I think good, engaging action can be tough to write. In spite of that, I’ve chosen the following prompt (from the 500 Club) for this week’s flash fiction: “Write an action scene with just enough dialogue to establish character. Whatever action you choose — car chase, fist fight, peeling a potato — use the physical world to solidify the blocking/movement of your character(s). Avoid making your piece read like a list, e.g., he did this and then this and then this…”
It’s easy to fall into the trap of doing exactly what this prompt says not to do when writing action–to make it a list. I’ve tried to avoid that in the piece below, and I still feel like it leans in that direction at times. Ah, well. That’s what I love about flash fiction. It’s like a writing workout, something to build those hard to develop muscles. And this set of muscles is one I’d like to strengthen.
words and whispers
Glass exploded inward into the cottage, showering Mack, Lisa and Gus in shards that caught the firelight and sent beams dancing along the walls and the floor.
“Hand the me the conduit,” Mack said calmly.
Lisa held out her hand, trembling, and offered Mack the small leather pouch. She began a question. “Are there–”
“No. I don’t think so. Gus, take up a defensive position. Lisa and I will finish the ritual.”
“Sure thing, boss.”
Mack motioned toward the circle of salt on the ground. Gus’ exit had broken the circle. Lisa was pricking one of her fingers to close it again when they heard Gus scream from the backroom. His cries were followed by a scuttling sound, like so many cockroaches in the walls. Lisa clasped a hand over her own mouth to stifle her scream and Mack snatched the knife out of her fingers.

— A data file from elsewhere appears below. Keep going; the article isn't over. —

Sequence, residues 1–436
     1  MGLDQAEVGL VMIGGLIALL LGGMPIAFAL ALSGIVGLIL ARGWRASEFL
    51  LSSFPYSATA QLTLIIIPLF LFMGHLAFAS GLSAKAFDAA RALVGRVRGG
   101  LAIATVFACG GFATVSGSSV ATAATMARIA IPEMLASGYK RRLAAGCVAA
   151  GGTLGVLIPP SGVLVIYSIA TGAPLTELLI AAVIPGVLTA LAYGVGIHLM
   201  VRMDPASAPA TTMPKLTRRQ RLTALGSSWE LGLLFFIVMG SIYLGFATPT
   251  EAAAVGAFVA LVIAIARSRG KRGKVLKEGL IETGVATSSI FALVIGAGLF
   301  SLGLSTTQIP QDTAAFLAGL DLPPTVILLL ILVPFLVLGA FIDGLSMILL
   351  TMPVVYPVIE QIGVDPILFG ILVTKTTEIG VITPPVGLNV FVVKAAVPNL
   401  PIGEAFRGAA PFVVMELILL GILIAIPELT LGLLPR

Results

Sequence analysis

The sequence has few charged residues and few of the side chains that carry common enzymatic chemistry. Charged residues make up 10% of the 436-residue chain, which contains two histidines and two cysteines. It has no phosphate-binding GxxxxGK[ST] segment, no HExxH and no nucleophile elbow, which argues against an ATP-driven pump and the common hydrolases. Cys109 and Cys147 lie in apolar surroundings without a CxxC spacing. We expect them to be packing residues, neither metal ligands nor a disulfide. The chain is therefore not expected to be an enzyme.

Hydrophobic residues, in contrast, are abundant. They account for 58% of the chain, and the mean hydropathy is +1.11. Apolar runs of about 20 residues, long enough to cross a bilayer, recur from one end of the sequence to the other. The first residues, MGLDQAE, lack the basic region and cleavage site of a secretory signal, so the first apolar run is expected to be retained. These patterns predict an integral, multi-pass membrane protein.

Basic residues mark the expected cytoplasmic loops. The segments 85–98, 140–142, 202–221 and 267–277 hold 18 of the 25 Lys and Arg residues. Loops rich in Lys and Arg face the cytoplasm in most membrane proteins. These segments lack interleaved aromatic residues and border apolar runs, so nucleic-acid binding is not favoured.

“Close the damn circle,” he said.
The walls bulged in at that moment, drywall literally bending inward. The room crackled with static electricity until the first drop of Mack’s blood made contact with the salt circle. And just like that, there was peace. The noise stopped. The pressure eased. The world around them seemed like no more than images on an incredibly realistic TV set, the screen of which was wrapped around them on all sides.
They watched, speechless, as the walls were penetrated by scarabs and three bane magi entered from different sides, forming an unholy triangle.
Mack clenched the conduit in his palm. “The words, Lisa. Say the words.”
Lisa’s lip trembled, but Mack’s voice grounded her and she began the chant. Mack would have done it himself had he known Latin.
As she spoke, the magi raised their hands and began a chant of their own–a obstruction incantation. Mack recognized their posture, the cadence of the words and the dark gleam in their eyes. This was how it had been when they took down Lauren and Bernard. He had watched as their protective circle collapsed and their bodies twisted and broke under the magi’s dark magic.
He willed Lisa to chant faster.
As the magi’s chanting reached its climactic point, there was a sharp cracking sound. Mack feared it was his circle breaking, but a steady warmth emanated from the conduit and a rich power flowed through his fingers, filling his senses and easing his fears.
The world grew quiet, insides and outside the circle. All the chanting stopped. A hush settled over all, and there was a quiet whisper that seemed to come from the conduit in Mack’s hands, from the rubble that had been the walls, from the stars above and the fire in the hearth and the wind and the river and everywhere at once. It said simply, “No.”
The magi shook and the collapsed. All three of them.
Mack smiled at Lisa. “I guess it worked,” he said.
“Yeah,” Lisa said, seeing the magi unconscious around their circle. “I guess it did.”